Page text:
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DTM - date/time

HL7 Component Table - DTM - date/time
Seq# Description Implement Flags Cardinality Length C.LEN Vocabulary Data Type
1 Date/Time SHALL # [0..1] [4..24]   8

Definition: Specifies a point in time using a 24-hour clock notation.

Minimum Length: 4

Maximum Length: 24

The number of characters populated (excluding the time zone specification) specifies the precision.

Format: YYYY[MM[DD[HH[MM[SS[.S[S[S[S]]]]]]]]][+/-ZZZZ].


  1. only the first four are used to specify a precision of "year"

  2. the first six are used to specify a precision of "month"

  3. the first eight are used to specify a precision of "day"

  4. the first ten are used to specify a precision of "hour”

  5. the first twelve are used to specify a precision of "minute”

  6. the first fourteen are used to specify a precision of "second”

  7. the first sixteen are used to specify a precision of "one tenth of a second”

  8. the first nineteen are used to specify a precision of " one ten thousandths of a second”

Example: |199904| specifies April 1999.

The time zone (+/-ZZZZ) is represented as +/-HHMM offset from Coordinated Universal Time (UTC)

  • For implementations prior to V2.9 +0000 or -0000 both represent UTC (without offset).

  • For implementations starting with V2.9

    • use of the plus sign (+0000) represents the civil time zone offset is known to be zero,

    • use of the minus sign (-0000) represents UTC (without offset)

  • This supports medical devices that are capable of sourcing UTC but do not have reference to local time offset. Use case is London in the winter.

This provides a solution for the use case where the device can source UTC. It is up to the implementation to determine the storage form.

The specific data representations used in the HL7 encoding rules are compatible with ISO 8824-1987(E).

Note: If the time zone is not included, the time zone defaults to that of the local time zone of the sender. Also note that a DTM valued field with the HHMM part set to "0000" represents midnight of the night extending from the previous day to the day given by the YYYYMMDD part (see example below).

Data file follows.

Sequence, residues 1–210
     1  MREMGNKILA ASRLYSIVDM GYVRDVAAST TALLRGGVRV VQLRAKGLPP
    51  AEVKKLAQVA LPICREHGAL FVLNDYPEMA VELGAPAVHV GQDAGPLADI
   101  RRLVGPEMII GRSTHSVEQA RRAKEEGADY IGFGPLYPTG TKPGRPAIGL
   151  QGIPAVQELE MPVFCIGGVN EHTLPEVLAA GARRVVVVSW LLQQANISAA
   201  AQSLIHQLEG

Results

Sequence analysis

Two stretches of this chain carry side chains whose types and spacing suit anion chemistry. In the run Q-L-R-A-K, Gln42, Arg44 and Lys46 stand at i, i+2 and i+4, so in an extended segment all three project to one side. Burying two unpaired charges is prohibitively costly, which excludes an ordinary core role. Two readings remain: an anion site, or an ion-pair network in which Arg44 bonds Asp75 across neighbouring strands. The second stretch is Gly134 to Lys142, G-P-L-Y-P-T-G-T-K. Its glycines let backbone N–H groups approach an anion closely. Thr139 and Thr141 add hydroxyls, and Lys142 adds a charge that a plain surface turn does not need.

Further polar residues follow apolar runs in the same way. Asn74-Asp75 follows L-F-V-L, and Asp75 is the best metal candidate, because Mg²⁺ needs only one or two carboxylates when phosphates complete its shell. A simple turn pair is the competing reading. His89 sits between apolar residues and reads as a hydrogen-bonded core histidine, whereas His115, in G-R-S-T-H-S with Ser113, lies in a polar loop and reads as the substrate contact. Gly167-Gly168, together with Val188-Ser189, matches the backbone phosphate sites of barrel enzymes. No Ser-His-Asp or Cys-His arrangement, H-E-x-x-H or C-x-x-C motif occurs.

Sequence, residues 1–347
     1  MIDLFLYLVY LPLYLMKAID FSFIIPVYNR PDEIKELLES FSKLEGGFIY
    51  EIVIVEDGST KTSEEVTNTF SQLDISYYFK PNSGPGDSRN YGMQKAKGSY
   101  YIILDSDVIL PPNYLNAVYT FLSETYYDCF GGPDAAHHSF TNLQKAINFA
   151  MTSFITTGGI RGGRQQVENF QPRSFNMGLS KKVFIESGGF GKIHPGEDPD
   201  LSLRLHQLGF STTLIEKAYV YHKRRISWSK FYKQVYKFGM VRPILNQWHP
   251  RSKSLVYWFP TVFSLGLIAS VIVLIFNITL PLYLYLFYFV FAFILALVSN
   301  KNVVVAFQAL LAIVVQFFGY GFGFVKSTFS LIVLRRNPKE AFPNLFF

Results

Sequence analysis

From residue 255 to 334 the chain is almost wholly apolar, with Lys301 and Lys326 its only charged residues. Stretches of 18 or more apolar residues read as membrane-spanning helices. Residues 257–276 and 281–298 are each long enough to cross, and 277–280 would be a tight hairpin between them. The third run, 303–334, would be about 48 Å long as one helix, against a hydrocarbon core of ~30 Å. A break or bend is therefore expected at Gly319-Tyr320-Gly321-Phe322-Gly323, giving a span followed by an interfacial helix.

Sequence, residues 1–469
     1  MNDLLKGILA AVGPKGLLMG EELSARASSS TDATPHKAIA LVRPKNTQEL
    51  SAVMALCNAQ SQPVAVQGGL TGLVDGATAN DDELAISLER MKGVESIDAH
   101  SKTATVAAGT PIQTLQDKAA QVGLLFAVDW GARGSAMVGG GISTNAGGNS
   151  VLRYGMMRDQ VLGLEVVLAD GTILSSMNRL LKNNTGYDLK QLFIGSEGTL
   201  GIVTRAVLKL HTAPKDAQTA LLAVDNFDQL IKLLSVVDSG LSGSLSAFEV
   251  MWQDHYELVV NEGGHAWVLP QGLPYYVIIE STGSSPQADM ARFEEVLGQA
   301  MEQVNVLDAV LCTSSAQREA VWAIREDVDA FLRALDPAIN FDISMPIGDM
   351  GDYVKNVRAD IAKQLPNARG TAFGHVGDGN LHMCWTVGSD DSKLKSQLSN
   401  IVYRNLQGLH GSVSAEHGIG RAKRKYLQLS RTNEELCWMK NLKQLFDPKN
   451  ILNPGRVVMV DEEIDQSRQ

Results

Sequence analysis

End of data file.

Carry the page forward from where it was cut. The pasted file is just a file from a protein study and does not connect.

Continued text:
1:01:59 on July 4, 1976 in the Eastern Standard Time zone (USA)


1:01:59 on July 4, 1976 in the Eastern Daylight Saving Time zone (USA).


Midnight of the night extending from July 4 to July 5, 1988 in the local time zone of the sender.


Same as prior example, but precision extends only to the day. Could be used for a birth date, if the time of birth is unknown.


1:01:59 on October 4, 1998 in Amsterdam, NL. (Time zone=+0100).

The HL7 Standard strongly recommends that all systems routinely send the time zone offset but does not require it. All HL7 systems are required to accept the time zone offset, but its implementation is application specific. For many applications the time of interest is the local time of the sender. For example, an application in the Eastern Standard Time zone receiving notification of an admission that takes place at 11:00 PM in San Francisco on December 11 would prefer to treat the admission as having occurred on December 11 rather than advancing the date to December 12.

Note: The time zone [+/-ZZZZ], when used, is restricted to legally-defined time zones and is represented in HHMM format.

One exception to this rule would be a clinical system that processed patient data collected in a clinic and a nearby hospital that happens to be in a different time zone. Such applications may choose to convert the data to a common representation. Similar concerns apply to the transitions to and from daylight saving time. HL7 supports such requirements by requiring that the time zone information be present when the information is sent. It does not, however, specify which of the treatments discussed here will be applied by the receiving system.

The DTM data type does not follow the normal truncation pattern, and the truncation character is never valid in the DTM data type. Instead, the truncation behavior is based on the semantics of dates and times.

Unless otherwise specified in the context where the DTM type is used, the DTM type may be truncated to a day. When a DTM is truncated, the truncated form SHALL still be a valid DTM type. Systems should always be able to persist full date / time information including the timezone. Refer to Chapter 2, section "Truncation Pattern" for further information.